We also have an air purifier which is also similarly automatically controlled.  The air purifier has a lovely colour changing effect and belches out lavender fragrance.  This is nothing to do with home control, but is very much to do with my other hobby, which is being incredibly and breathtakingly gay.


To ensure we can ‘talk’ to the flat, we need to have some kind of way to speak to it.  I can go in and change the code in my control programs, but that isn’t very easy to do for many users, so a pretty looking button or a screen is a good way of doing this.

Many of these controllers are supposed to be ‘paired’ with a specific device to switch them on or off.  I shun this concept as amateurish.  I ‘pair’ the controller with the computer, so that the computer decides what to do when it receives a signal from the controller.  More on this later in the blog.

pad4 x LightwaveRF wall mood switches are used throughout the flat to control lights and moods in various rooms.  These are useful because (a) you can stick them anywhere – so you can place them where a light switch would normally be, and (b) because they are always there.  It’s one thing having a smartphone controlled flat, but what if you don’t have your smartphone with you and all you want to do is turn on a light!  Cue this.

The mood switches have 6 ‘pads’ to press.  Two large ones, marked 1 and 0, and four smaller pads, marked with symbols ‘-‘, ‘–‘, ‘—‘ and a standby icon.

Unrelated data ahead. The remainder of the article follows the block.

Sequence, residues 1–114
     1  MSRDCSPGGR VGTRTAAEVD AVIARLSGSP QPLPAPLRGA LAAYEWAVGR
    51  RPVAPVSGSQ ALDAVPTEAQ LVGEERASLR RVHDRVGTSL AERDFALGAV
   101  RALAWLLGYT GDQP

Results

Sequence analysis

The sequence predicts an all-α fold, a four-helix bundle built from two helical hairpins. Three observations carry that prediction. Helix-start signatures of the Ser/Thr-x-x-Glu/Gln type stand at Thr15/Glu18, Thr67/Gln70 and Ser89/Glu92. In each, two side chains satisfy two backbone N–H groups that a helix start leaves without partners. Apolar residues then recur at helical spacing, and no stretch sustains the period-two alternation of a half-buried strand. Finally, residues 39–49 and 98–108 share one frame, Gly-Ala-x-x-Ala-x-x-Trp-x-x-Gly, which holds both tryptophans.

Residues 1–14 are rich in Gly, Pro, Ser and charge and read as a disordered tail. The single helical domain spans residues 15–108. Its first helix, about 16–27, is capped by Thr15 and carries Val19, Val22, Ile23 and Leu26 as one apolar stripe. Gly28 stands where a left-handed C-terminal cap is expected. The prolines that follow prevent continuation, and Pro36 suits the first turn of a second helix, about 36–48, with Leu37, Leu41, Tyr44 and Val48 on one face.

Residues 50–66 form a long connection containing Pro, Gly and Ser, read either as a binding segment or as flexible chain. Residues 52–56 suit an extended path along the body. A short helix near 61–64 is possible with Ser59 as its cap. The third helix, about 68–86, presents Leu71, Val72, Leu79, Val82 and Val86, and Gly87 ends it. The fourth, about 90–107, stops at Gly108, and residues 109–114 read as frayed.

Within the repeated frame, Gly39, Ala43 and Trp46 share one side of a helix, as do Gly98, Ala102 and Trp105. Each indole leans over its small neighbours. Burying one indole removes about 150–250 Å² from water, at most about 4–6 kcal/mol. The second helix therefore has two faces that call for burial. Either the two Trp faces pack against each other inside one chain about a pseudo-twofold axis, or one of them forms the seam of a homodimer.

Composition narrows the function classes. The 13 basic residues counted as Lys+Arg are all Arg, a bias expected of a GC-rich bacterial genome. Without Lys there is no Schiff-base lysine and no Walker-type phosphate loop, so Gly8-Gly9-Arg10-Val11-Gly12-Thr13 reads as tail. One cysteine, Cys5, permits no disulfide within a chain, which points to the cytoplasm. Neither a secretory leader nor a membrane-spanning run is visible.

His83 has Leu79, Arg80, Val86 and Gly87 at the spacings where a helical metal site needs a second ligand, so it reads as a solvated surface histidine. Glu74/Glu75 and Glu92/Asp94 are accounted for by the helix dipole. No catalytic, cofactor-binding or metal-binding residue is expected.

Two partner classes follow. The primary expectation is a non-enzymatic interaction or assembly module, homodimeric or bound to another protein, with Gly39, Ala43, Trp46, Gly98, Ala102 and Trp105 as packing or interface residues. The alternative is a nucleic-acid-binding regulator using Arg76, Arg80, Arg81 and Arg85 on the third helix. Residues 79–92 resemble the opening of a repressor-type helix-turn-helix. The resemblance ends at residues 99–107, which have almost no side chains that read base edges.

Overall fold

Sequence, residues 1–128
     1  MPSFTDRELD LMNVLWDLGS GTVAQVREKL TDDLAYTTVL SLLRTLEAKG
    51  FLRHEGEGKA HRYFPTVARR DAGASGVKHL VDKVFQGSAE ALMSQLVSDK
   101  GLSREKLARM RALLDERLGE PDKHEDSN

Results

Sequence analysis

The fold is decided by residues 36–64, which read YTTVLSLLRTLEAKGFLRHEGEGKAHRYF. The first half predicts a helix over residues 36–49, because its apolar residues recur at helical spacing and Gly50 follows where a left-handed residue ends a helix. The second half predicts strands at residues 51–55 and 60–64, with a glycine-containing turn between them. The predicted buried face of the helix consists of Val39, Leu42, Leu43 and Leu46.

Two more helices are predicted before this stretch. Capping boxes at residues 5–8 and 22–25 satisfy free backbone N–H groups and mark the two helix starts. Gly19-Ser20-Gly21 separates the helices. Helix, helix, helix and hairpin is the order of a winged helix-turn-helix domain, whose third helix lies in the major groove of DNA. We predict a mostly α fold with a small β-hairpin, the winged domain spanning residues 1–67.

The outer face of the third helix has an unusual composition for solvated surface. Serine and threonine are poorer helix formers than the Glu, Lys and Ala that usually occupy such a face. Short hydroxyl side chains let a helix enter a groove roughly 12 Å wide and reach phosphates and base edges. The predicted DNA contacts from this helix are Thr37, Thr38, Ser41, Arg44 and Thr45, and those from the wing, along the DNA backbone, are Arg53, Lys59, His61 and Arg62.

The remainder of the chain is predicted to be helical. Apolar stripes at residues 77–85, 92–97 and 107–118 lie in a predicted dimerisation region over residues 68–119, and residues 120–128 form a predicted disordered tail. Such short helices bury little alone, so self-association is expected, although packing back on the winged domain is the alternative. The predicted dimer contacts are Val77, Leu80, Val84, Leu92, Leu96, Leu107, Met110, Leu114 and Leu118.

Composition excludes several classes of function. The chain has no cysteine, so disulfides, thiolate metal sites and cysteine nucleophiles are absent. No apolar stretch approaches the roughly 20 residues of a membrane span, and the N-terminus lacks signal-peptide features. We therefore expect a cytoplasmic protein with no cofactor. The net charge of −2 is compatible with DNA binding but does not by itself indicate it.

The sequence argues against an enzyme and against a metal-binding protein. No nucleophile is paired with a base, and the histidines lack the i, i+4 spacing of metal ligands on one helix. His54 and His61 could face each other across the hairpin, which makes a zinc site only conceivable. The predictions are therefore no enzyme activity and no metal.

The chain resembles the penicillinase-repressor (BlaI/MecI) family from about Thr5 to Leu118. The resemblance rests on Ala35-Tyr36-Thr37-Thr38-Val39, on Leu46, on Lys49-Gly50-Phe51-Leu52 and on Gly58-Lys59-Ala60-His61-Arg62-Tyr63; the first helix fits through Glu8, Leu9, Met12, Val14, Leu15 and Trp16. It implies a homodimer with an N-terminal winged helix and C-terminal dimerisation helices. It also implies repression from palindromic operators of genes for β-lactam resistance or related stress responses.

The mood switches are good, and look great, but they have very generic markings on them.  I’ve overlaid a printed design on top of them so that users can tell what will happen when a button is pressed.  The switches also have a delightful blue LED which charmingly illuminates to confirm that a signal is being sent.

4 x LightwaveRF handset controllers.  These are hand-held controllers, comprising of 10 buttons and a four-way switch.  8 of the buttons send out unique signals which change depending on the position of the switch, therefore there are 8 x 4 = 32 unique signals.  The other two buttons send out the same signals regardless of the position of the 4-way switch.  Therefore there are 32 + 2 = 34 different signals that can be sent out from these controllers.  I am no Carol Vorderman but Excel tells me that I’m correct.

Sony Tablet S in charging dock.  This is a pretty standard android tablet which is always standing in its charging dock.  It makes controlling the flat easy, as long as you’re in the living room and you have fingers.  The above controllers are used elsewhere.